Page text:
quarterly y/y since 2007 25% 20% 15% 10% 5% 0% ‐5% Figure 12. and Singapore 8%. Stock price indices 170 150 130 110 90 70 50 30 Indonesia Hong Kong. several countries’ budget balances worsened more than those of OECD countries. Figure 13. and bank loans are also rebounding (Figures 12 and 13). and they are addressing the potential problems. Financial markets have also improved Recently. SEA sovereign CDS spreads have stayed rather low despite the recent sovereign debt crisis The recent recovery in the region was also supported by the unprecedented fiscal stimulus packages of these economies. have eased the downward pressure on asset prices. however. capital inflows returned. Bank loan growth. After the fiscal stimulus. the credit default swap rates for these economies have since settled and seem to have remained unaffected by the sovereign debt crisis in Europe (Figure 11). and several ratios actually continued to improve. Vietnam 10. by mid2009. along with the recovery in the real economies. These countries’ relatively sound fiscal management before the crisis made it possible for them to implement these extensive stimulus packages. Recently. given relatively healthy fundamentals and a bright economic outlook. China Philippines Malaysia Singapore Thailand Vietnam Indonesia Philippines Thailand Hong Kong. China Singapore Source: Thomson Reuters Datastream Source: Central banks.8%. For example. Banking systems have remained sound 18 OECD JOURNAL: FINANCIAL MARKET TRENDS – VOLUME 2010 ISSUE 2 © OECD 2010 .9%. several authorities in the region have begun to suspect that asset prices may have risen too fast. One of the crucial factors that contributed to the good performances is the soundness of the SEA banking systems. financial markets have also improved. CEIC. Malaysia 9.5%. These capital inflows. Back in September 2008 there was massive capital flight out of the region. The sizes of the fiscal stimulus packages are huge. Nevertheless. stock price indexes have been recovering since mid-2009. the countries’ key prudential ratios reflected the soundness of their financial systems. the size of fiscal stimulus in relation to GDP for Thailand is 18. Even during the global financial crisis. After sharp declines.CHALLENGES AND DEVELOPMENTS IN THE FINANCIAL SYSTEMS OF THE SOUTHEAST ASIAN ECONOMIES Despite large fiscal stimulus packages. putting downward pressure on asset prices.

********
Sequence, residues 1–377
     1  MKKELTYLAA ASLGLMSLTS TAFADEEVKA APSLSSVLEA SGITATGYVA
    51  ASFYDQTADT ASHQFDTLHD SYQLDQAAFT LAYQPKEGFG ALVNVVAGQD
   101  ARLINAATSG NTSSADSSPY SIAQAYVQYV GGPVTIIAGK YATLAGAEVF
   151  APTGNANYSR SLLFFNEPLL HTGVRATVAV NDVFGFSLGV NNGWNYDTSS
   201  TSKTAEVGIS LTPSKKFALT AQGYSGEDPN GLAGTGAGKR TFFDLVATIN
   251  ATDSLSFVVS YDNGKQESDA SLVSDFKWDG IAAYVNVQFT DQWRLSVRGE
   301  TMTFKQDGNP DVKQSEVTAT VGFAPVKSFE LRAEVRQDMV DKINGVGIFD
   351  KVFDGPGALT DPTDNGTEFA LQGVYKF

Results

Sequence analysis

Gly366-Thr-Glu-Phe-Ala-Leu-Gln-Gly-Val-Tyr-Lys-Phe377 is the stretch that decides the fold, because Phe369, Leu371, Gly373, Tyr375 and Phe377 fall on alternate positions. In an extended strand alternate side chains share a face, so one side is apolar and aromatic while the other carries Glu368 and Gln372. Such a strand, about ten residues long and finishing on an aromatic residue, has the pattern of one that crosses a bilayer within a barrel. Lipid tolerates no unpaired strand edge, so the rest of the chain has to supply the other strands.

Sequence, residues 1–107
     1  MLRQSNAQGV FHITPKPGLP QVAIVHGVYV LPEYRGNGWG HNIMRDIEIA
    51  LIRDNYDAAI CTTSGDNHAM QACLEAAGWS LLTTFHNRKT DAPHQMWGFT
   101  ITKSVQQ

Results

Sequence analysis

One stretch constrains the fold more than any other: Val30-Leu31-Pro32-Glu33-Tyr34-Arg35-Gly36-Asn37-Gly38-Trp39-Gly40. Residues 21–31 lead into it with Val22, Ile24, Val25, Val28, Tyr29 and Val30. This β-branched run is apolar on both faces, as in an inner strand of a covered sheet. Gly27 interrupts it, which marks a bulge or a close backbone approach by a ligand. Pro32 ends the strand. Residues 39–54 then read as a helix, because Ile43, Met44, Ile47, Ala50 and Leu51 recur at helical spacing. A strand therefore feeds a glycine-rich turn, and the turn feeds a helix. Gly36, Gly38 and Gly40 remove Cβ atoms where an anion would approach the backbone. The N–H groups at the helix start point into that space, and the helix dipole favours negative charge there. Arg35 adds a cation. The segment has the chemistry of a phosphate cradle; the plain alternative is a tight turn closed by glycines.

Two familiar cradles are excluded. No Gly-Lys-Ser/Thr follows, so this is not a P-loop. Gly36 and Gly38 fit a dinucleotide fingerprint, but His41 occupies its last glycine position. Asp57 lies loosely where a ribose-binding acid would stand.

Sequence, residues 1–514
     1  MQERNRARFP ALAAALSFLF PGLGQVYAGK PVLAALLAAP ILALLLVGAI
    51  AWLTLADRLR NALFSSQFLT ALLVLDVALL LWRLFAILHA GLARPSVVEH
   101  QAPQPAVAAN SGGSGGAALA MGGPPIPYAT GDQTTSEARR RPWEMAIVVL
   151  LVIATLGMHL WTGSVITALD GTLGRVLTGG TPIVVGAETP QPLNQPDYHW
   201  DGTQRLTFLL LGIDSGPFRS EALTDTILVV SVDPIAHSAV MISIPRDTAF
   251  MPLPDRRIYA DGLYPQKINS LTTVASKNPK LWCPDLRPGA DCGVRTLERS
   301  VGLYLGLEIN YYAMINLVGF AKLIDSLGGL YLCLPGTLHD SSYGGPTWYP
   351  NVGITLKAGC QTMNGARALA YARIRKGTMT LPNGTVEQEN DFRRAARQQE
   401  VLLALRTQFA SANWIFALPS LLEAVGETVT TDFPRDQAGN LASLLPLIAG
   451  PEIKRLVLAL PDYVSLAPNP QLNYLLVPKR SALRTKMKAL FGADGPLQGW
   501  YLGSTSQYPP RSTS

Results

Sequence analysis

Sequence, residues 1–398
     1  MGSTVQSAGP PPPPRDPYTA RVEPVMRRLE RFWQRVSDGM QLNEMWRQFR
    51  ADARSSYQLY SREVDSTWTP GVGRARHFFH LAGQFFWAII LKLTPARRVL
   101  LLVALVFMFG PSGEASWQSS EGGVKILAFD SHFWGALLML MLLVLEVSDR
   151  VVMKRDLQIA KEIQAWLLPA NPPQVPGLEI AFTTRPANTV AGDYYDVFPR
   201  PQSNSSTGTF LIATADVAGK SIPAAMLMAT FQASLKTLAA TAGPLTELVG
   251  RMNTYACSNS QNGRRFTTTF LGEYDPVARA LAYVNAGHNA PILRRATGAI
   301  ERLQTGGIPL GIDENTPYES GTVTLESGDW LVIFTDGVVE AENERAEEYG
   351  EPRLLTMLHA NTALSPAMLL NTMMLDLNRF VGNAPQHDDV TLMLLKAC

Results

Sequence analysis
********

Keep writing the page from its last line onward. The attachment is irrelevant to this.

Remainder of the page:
There is also a proposal to establish an ASEAN Regulatory Reform Dialogue (ARRD). In April 2010.CHALLENGES AND DEVELOPMENTS IN THE FINANCIAL SYSTEMS OF THE SOUTHEAST ASIAN ECONOMIES 2. Especially in the regional financial centres. in February 2010. Singapore also has a loan-to-value limit for residential loans. National policy responses Macro-prudential measures have been used recently to reduce market turbulence. China has also had a 60% loan-to-value ratio cap for luxury properties since 2009. which often stems from capital inflows from outside the region. several SEA economies have also adopted specific macroprudential or capital-control measures. 3. China has adopted a 70% loan-to-value ratio cap for residential mortgages as part of its banking industry oversight. especially of longer-term debt. it strengthened this measure by lowering the cap from 80% to 70% and by prohibiting “interest-only” mortgages. which would serve as a high-level channel for exchanging views on regulatory reform issues toward enhancing intra-ASEAN trade and investment flows. Hong Kong. which often stems from capital inflows To reduce market turbulence. This includes the implementation of a one-month minimum holding period for buyers of Bank Indonesia certificates in the primary and secondary markets. Thailand introduced a 15% withholding tax on interest payments and capital gains on bonds held by foreign investors. Since the 1990s. An independent regional surveillance unit ASEAN Regulatory Reform Dialogue OECD JOURNAL: FINANCIAL MARKET TRENDS – VOLUME 2010 ISSUE 2 © OECD 2010 19 . which would provide local currency-denominated bonds with a guarantee in order to promote bond issuance by addressing the following issues: (i) Even quality companies. Hong Kong. Bank Indonesia introduced policy packages in June 2010 to manage liquidity. (ii) financing for SMEs and infrastructure development is vulnerable to a credit crunch since it largely depends on indirect funding sources. Regional policy responses CGIF is to provide local currencydenominated bonds with guarantees in order to promote local bond issuance At the ASEAN+3 Finance Ministers’ Meeting in May 2009. an independent regional surveillance unit to support the successful implementation of CMIM. In October 2010. these measures have been adopted as forward looking measures. such as bank loans. the ASEAN Finance Ministers also agreed to establish the ASEAN+3 Macroeconomic Surveillance Office (AMRO). such as those rated single A by the local credit rating agencies. as well as to encourage banks to conduct more transactions in the secondary market. the Ministers agreed to establish the Credit Guarantee and Investment Facility (CGIF). have difficulty in obtaining financing through bond issuance.